Terri found a great deal of comfort from another organisation, Compassionate Friends. Compassionate Friends is an organisation of bereaved parents and their families offering understanding and support to others after the death of a child.
William found help via a similar organisation, called Care for the Family, a national charity which helps families who have suffered family breakdown, and which also supports bereaved parents.
Gatherings of people who have been bereaved, and who have lost a child, do not suit everyone. Rosemary and her husband attended a few small group meetings of Compassionate Friends but decided that the meetings were not for them, partly because some people who attended the group were consumed with guilt.
Erykah, whose brother was killed, found help via a support network called Mothers against Violence. Members work to eradicate violence and support those bereaved by violent crime. Men can also join.
Shortly before Ian’s brother was killed, Ian had been invited to a weekend Catholic counselling group for men. The group meets regularly for mutual support; it became a valuable outlet for Ian after his brother’s death.
Dean found support from RoadPeace, a UK charity which provides support for victims of road crashes and campaigns for justice and road safety. Others belonged to Brake, which has similar aims.
Martin joined the WAY (Widowed and Young) foundation after his wife was killed by a bus. WAY offers support and friendship to bereaved men and women up to the age of 50. Martin made good friends and tried to join in various activities, especially with the children, but after a while everyone else’s “sob stories” got him down.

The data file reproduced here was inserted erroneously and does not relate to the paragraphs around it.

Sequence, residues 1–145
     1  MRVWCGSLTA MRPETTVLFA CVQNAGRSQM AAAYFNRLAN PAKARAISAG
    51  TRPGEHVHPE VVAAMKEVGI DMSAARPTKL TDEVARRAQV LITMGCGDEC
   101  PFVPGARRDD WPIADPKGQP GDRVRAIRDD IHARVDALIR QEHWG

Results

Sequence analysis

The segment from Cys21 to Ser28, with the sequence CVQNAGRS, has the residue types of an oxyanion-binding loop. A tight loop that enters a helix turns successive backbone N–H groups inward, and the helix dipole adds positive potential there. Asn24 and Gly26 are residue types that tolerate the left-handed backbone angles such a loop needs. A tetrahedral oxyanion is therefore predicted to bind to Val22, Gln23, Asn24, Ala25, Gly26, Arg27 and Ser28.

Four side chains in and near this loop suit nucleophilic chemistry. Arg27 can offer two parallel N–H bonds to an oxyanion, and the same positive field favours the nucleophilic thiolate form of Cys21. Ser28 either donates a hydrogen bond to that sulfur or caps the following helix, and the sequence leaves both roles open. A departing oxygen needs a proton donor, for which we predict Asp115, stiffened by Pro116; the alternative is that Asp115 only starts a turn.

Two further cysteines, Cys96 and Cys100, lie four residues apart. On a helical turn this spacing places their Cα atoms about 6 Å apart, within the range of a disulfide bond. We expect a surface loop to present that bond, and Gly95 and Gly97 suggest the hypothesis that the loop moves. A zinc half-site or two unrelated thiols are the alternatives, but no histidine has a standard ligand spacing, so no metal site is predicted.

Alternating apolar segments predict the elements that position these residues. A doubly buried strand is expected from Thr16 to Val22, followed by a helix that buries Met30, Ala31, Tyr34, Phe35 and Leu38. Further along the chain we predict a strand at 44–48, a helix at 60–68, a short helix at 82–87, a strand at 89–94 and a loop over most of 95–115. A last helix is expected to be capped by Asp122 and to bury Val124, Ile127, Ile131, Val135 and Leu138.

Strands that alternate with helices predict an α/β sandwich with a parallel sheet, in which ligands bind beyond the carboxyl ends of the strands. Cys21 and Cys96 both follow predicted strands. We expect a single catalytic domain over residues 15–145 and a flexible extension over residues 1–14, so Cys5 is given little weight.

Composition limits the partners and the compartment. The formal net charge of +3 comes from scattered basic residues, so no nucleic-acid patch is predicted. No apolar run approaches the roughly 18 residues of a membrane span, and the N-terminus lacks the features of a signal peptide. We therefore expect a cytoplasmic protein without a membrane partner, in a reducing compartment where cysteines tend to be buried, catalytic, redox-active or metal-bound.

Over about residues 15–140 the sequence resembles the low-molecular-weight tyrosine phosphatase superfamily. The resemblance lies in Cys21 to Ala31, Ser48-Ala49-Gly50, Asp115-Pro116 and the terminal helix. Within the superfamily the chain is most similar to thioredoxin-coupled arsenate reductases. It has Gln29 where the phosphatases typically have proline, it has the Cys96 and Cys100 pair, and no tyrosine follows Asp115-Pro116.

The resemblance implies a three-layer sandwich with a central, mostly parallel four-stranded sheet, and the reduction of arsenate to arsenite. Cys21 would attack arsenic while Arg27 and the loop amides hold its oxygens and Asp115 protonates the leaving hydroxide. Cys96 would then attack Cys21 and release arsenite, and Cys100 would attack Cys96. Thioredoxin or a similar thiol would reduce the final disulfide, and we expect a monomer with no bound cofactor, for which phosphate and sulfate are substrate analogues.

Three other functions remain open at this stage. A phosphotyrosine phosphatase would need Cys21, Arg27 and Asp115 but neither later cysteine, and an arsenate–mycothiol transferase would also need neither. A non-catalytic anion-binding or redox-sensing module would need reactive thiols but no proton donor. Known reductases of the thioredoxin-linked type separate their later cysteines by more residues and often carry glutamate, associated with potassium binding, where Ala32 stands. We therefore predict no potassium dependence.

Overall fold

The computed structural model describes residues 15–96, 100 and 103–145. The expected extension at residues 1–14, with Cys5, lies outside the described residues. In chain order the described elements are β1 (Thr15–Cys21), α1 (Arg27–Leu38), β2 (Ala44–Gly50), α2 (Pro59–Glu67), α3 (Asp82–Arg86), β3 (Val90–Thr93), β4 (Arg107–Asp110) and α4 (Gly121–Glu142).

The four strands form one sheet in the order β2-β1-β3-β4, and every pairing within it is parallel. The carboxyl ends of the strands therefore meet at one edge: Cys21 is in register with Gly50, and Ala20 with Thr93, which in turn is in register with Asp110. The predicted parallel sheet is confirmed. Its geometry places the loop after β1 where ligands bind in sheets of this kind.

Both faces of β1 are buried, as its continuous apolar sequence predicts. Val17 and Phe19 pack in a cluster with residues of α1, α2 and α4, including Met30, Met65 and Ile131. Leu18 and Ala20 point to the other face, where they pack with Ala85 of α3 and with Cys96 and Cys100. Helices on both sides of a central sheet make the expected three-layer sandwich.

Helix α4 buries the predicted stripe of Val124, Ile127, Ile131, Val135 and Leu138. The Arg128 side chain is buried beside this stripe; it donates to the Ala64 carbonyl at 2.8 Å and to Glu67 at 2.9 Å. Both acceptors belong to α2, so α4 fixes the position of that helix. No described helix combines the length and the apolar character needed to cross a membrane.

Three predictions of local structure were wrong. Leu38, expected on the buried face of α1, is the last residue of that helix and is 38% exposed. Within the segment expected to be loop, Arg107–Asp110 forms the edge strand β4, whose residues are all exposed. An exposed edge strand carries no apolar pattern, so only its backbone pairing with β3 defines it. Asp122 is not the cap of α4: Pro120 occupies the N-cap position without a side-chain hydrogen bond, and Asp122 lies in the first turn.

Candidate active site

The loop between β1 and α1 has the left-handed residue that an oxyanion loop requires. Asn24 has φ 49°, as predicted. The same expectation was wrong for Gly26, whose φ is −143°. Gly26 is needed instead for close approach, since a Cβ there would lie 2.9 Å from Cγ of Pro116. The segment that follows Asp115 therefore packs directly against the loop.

After Dorothy’s son was killed in an industrial explosion, she contacted the Centre for Corporate Accountability, which looks at the role of the state in enforcing health and safety law and investigating work-related deaths and injuries. This charity gives free and independent advice. They advised her, and she also founded Families Against Corporate Killers (FACK). She also joined Compassionate Friends. Michael joined FACK after his son was killed at work.
Families bereaved when their relatives were killed in Bali in 2002 formed the UK Bali Bombing Victims Group. Jocelyn said it was therapeutic for people to share their feelings. Susanna agreed but said that it was hard to reach a consensus in some discussions when people in the group had little in common apart from their bereavement.
Some people who had been affected by the bombing in Bali or elsewhere, had joined Disaster Action, a charity set up and run by survivors and the bereaved from UK and overseas disasters.
Lisa felt suicidal at times after two of her friends were murdered. Calling the Samaritans often gave her emotional support. ASSIST Trauma Care is another charity which offers people treatment, such as Cognitive Behavioural Therapy (CBT), by a qualified therapist. (Some people we talked to had set up Charities themselves to prevent other violent deaths: see ‘Adjusting to life without the deceased’. Also see ‘Messages to others’ where people talk about the importance of seeking help after a traumatic death).

Last reviewed May 2019.

Last updated October 2011.